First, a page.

Apple adopts the mandatory app review and code signing mechanisms to ensure that only approved apps can run on iOS devices. In this paper, we present a novel attack method that fundamentally defeats both mechanisms. Our method allows attackers to reliably hide malicious behavior that would otherwise get their app rejected by the Apple review process. Once the app passes the review and is installed on an end user's device, it can be instructed to carry out the intended attacks. The key idea is to make the apps remotely exploitable and subsequently introduce malicious control flows by rearranging signed code. Since the new control flows do not exist during the app review process, such apps, namely Jekyll apps, can stay undetected when reviewed and easily obtain Apple's approval. We implemented a proof-of-concept Jekyll app and successfully published it in App Store. We remotely launched the attacks on a controlled group of devices that installed the app. The result shows that, despite running inside the iOS sandbox, Jekyll app can successfully perform many malicious tasks, such as stealthily posting tweets, taking photos, stealing device identity information, sending email and SMS, attacking other apps, and even exploiting kernel vulnerabilities.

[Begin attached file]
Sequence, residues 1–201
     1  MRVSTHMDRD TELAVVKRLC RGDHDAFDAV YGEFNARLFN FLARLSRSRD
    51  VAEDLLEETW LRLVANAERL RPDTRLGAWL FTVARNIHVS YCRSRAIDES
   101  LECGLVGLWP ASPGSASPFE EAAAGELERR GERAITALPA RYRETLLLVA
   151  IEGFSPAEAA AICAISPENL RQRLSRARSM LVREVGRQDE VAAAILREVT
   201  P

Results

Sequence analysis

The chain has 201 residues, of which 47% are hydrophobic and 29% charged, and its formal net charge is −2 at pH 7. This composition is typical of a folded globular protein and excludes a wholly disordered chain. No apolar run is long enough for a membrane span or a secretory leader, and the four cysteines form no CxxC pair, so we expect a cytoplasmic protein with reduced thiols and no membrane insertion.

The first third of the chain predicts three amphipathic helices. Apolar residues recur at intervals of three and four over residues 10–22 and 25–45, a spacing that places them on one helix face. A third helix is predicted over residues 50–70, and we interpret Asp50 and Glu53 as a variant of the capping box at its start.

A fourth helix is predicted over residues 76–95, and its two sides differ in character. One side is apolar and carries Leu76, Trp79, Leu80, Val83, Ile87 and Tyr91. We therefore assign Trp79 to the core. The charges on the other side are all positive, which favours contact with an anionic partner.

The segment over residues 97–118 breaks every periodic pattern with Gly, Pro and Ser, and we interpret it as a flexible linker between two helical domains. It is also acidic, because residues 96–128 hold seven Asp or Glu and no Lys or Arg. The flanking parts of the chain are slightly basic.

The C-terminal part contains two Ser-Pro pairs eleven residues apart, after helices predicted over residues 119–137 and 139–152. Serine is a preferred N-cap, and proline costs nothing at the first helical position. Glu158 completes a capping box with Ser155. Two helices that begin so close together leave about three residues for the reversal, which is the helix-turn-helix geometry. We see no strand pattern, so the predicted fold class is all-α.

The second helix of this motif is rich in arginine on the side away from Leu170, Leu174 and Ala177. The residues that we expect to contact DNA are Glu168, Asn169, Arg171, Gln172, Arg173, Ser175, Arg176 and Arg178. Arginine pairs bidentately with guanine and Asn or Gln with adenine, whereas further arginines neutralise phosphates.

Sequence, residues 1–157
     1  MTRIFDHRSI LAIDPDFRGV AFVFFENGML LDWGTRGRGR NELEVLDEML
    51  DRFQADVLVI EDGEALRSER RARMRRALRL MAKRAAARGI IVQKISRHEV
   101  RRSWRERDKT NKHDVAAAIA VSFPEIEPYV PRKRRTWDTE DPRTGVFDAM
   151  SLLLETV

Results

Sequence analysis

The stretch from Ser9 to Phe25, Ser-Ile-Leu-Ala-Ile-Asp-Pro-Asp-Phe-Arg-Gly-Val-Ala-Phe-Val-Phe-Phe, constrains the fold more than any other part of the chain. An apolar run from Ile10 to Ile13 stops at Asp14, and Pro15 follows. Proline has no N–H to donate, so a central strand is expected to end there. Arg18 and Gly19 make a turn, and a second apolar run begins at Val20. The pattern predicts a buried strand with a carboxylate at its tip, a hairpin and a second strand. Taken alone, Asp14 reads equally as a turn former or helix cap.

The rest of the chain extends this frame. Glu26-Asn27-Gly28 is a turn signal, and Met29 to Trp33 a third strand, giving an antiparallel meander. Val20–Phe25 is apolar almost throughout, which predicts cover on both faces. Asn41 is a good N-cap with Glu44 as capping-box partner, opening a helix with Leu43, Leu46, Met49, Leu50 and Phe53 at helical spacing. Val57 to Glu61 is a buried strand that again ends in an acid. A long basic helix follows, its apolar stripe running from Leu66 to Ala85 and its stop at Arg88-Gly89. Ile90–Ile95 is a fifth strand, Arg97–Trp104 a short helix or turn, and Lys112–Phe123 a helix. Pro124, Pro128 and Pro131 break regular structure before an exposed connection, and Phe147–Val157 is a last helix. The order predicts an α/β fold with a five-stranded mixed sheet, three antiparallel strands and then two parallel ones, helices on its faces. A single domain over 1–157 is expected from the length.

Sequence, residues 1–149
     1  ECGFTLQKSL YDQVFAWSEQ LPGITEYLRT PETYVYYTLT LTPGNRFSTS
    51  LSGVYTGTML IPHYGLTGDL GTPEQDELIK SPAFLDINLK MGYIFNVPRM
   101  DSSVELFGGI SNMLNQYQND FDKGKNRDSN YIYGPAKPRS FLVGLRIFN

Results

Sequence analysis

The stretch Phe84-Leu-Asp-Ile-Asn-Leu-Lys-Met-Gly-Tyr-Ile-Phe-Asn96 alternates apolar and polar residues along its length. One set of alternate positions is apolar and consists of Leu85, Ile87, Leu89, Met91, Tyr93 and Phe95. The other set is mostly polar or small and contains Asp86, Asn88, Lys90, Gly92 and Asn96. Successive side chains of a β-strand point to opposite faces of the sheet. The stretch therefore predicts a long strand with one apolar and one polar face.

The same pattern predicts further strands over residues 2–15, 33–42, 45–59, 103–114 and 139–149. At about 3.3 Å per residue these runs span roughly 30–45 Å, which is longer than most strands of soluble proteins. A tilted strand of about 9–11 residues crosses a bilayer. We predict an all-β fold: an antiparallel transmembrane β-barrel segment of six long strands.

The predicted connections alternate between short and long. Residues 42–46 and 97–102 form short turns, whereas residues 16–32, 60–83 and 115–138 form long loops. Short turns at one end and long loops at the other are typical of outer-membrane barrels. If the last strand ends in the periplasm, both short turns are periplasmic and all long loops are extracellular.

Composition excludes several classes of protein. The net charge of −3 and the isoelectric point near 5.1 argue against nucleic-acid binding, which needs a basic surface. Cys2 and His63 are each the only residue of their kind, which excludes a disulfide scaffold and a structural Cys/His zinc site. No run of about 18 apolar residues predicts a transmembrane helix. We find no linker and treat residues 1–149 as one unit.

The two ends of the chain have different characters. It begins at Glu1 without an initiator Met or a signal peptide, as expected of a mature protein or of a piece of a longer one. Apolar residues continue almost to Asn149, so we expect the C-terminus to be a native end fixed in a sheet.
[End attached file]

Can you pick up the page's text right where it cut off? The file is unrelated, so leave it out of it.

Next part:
|Original language||English (US)|
|Title of host publication||Proceedings of the 22nd USENIX Security Symposium|
|Number of pages||14|
|State||Published - 2013|
|Event||22nd USENIX Security Symposium - Washington, United States|
Duration: Aug 14 2013 → Aug 16 2013
|Name||Proceedings of the 22nd USENIX Security Symposium|
|Conference||22nd USENIX Security Symposium|
|Period||8/14/13 → 8/16/13|
Bibliographical noteFunding Information:
We thank our shepherd Benjamin Livshits and the anonymous reviewers for their valuable comments. This material is based upon work supported in part by the National Science Foundation under grants no. CNS-1017265 and no. CNS-0831300, and the Office of Naval Research under grant no. N000140911042. Any opinions, findings, and conclusions or recommendations expressed in this material are those of the authors and do not necessarily reflect the views of the National Science Foundation or the Office of Naval Research.
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